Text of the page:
With its inherent richness and density, the 2015 vintage posed a challenge to the Burgundian vigneron: how to make wines of balance and elegance that harness the power of the vintage without succumbing to it. At Domaine Jacques Carillon, one senses the touch of a true master operating at the peak of his powers. In his sixth vintage as a solo operator, it is clear that Jacques is carrying on in uncanny resonance with the grand tradition of his father Louis, with whom we worked for nearly 30 years. Despite an increase in amplitude due to the warm, sunny growing season, the wines show the rigorous focus, chiseled minerality, and ethereal lift that have always characterized this unique domaine. Quantities are down slightly from 2014, due to the thick-skinned grapes that 2015 yielded (and their subsequent lack of juice). Furthermore, Jacques resisted the all-too-common urge to lean heavily into the pressing and extraction of such healthy grapes, realizing that an over-extraction of potassium would compromise the wines’ overall acid balance. Those perennial Carillon enthusiasts—the folks who prize mineral thrust over voluptuousness—will be delighted and amazed with the character of these 2015s, as they boast all of the vintage’s many attributes without succumbing to any of its potential pitfalls. Jacques’s 5.5 hectares yield precious few bottles, and we will have the pleasure of receiving our pittance around the 28th of August.
Jacques’ Puligny-Montrachet comes from eleven small parcels in seven different lieux-dits scattered throughout the appellation. A mere 15% new oak allows the gleaming limestone typical of Carillon to shine through, even in a somewhat riper vintage such as ’15. A subtle and attractive musk element on the nose gives way to a powerful impression of stones, and the palate is lean and quite long, showing youthful verve and a stern minerality that seems to request a few years of cellaring. This is extraordinarily fine and precise for a villages-level white Burgundy.
2015 is the first vintage we have had the pleasure to offer Jacques’s villages-level Chassagne-Montrachet, the vines having been planted in 2013. From the lieu-dit “Voillenot-Dessous,” located immediately south of the village itself, it offers—in classic Chassagne fashion—greater breadth and flesh than the Puligny mentioned above, with a slightly less kinetic and focused mineral element. Still, the wine shows impressive verve, with surprising depth and intensity from such young vines. Again, a modest proportion of new barrels keeps the delicate fruit-mineral interplay center-stage.
2015 Chassagne-Montrachet 1er Cru “Les Macherelles”
Carillon’s Macherelles comes from a half-hectare parcel in this premier cru sandwiched between the village of Chassagne itself (to the south) and “Les Chenevottes” (to the north). The relatively young vines—twelve years old as of the 2015 vintage—have shown remarkable development over the past few vintages, and this wine is a clear and decisive step up in intensity and complexity from the two preceding villages-level offerings. The palate is neither richer nor fatter than the Chassagne above, yet the sense of increased concentration and energy is palpable. Electric acidity and an ultra-focused finish beckon for a few years of aging.
2015 Puligny-Montrachet 1er Cru “Champ Canet”
Located at the northern limit of Puligny on the border of Meursault, Jacques’ ever-elegant Champ Canet comes from a 0.55-hectare parcel planted by his father Louis in 1973. This ’15 sports a highly expressive nose of liquefied limestone and subtle white-flower musk, and the blatantly saline palate explodes with energy, culminating in a persistent, laser-focused finish. That Jacques was able to coax this level of finesse out of such a ripe vintage speaks to his utter command of his craft. Happily, the wine’s dense, thick fruit core completely absorbs its modest 20% new oak.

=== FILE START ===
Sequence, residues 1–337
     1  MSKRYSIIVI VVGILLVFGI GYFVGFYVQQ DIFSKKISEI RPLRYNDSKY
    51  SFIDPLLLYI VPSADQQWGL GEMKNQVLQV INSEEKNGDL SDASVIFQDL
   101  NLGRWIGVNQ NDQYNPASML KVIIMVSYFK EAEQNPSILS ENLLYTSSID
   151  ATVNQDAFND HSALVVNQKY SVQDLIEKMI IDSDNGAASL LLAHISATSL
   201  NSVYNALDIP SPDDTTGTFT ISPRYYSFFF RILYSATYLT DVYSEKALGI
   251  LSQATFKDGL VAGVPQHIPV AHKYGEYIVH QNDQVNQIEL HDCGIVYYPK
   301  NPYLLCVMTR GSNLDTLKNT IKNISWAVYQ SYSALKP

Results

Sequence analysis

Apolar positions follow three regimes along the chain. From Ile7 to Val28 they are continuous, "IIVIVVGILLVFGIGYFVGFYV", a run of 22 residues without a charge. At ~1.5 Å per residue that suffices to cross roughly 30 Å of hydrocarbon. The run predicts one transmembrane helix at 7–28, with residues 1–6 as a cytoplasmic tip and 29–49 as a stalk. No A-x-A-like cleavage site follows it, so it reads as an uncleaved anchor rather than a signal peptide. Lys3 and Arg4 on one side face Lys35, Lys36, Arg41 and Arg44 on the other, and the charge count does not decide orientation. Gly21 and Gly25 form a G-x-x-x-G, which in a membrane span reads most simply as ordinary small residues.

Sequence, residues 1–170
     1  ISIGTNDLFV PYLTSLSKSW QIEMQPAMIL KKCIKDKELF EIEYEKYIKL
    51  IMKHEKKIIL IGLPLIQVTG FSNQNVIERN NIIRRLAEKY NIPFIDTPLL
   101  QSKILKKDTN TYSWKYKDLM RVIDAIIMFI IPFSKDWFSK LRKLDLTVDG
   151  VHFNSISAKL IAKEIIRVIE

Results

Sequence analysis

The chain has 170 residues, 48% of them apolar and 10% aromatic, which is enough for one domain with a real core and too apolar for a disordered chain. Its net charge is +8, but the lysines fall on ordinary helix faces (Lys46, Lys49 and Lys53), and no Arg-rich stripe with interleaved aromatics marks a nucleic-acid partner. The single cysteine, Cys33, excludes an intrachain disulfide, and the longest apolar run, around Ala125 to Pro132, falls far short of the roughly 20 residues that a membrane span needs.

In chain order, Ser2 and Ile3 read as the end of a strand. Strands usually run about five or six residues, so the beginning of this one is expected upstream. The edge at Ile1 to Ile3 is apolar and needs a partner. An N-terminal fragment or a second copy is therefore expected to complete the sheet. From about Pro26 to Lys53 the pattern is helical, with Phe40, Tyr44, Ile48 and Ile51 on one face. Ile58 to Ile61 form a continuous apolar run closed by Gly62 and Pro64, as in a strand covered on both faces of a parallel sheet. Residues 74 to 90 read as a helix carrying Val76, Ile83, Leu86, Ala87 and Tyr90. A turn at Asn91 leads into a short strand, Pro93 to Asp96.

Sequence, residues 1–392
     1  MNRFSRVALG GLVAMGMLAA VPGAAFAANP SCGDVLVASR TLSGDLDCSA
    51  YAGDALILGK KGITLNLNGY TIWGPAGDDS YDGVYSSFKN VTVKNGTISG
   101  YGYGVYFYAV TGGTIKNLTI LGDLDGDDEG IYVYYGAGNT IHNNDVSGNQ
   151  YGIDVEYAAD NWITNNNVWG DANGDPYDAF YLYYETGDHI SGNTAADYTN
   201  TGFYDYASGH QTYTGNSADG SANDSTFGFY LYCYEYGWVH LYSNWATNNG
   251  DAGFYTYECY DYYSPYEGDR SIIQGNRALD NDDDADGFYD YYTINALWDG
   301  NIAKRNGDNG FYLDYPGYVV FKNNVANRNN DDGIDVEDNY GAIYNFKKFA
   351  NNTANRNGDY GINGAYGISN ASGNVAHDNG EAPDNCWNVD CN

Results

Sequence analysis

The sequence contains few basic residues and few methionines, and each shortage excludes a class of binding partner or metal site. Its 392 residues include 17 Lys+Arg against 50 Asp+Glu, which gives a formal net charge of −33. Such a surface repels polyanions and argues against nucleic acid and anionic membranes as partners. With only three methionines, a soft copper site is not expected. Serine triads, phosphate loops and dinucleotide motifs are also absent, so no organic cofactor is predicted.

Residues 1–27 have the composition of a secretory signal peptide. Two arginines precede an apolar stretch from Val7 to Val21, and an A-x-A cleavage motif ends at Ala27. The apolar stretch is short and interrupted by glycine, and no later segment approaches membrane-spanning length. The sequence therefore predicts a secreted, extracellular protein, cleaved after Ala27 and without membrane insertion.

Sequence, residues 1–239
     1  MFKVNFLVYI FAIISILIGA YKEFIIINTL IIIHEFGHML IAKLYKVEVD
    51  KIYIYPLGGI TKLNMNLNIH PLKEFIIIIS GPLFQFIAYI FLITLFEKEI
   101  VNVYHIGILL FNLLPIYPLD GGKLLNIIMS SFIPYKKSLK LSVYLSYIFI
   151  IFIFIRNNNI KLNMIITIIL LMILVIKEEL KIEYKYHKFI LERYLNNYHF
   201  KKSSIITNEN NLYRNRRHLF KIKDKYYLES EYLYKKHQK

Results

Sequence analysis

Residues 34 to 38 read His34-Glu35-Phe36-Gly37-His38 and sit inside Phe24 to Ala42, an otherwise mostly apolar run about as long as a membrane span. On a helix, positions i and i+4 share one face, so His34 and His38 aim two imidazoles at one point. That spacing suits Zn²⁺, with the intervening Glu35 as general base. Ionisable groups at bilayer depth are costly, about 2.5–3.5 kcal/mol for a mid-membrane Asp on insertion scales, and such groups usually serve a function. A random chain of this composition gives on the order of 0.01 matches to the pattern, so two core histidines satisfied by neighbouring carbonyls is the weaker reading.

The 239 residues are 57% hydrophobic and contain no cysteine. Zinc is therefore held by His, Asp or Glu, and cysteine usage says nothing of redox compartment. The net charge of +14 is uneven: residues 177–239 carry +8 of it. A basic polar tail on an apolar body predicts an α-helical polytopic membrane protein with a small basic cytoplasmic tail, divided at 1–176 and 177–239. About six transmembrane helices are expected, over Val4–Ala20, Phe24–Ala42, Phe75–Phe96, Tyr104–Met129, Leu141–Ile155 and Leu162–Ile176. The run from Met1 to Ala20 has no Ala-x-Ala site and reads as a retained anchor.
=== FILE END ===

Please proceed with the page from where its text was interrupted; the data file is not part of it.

2015 Puligny-Montrachet 1er Cru “Les Perrieres”
Carillon owns just over a hectare of vines in this enviably located cru just south of “Les Referts” (see below) on the slope, in the northern part of Puligny. As is typically the case with his Perrieres, this vintage shows a deeper, more profound limestone essence than the Champ Canet above. It is sleek, with less gras and richness, but almost more overpowering in its overall carriage. The fruit, while pleasantly ripe in keeping with the character of the 2015 vintage, takes a back seat to the driving minerality, and the pungent and saline finish coats the palate completely.
2015 Puligny-Montrachet 1er Cru “Les Referts”
Jacques exploits a mere quarter-hectare of 40-year-old vines in this great northern-Puligny 1er cru. Where Perrieres is punchily mineral, Referts is broodingly intense, with a limestone core that murmurs rather than shouts. There is a hair’s breadth more concentration and richness to the fruit here, but the impression of freshness and salty acidity is still notable, with a beautiful note of acacia blossom rounding out the wine in an intriguing way. At this youthful stage, the 2015 is almost painfully intense, and those fortunate enough to lay their hands on a few bottles are strongly encouraged to cellar them for at least five years.
In 2015, Jacques produced a mere two barrels (one new) from this hallowed grand cru in which he owns barely a tenth of a hectare. Providing ample reassurance that Burgundy’s intricate classification system functions supremely well, this delivers almost overwhelming density—there is simply more material through which the tongue can wade, and more layers of flavor and texture to process. As befits such a mammoth, ample cellar time is demanded in order for the wine to reveal its charms and nuances. Carillon Bienvenues-Batard-Montrachet is among the most mythical and rare wines in our entire portfolio, and this vintage is sure to become a thing of legend. If you ever get to try this wine, consider yourself among the extremely fortunate few.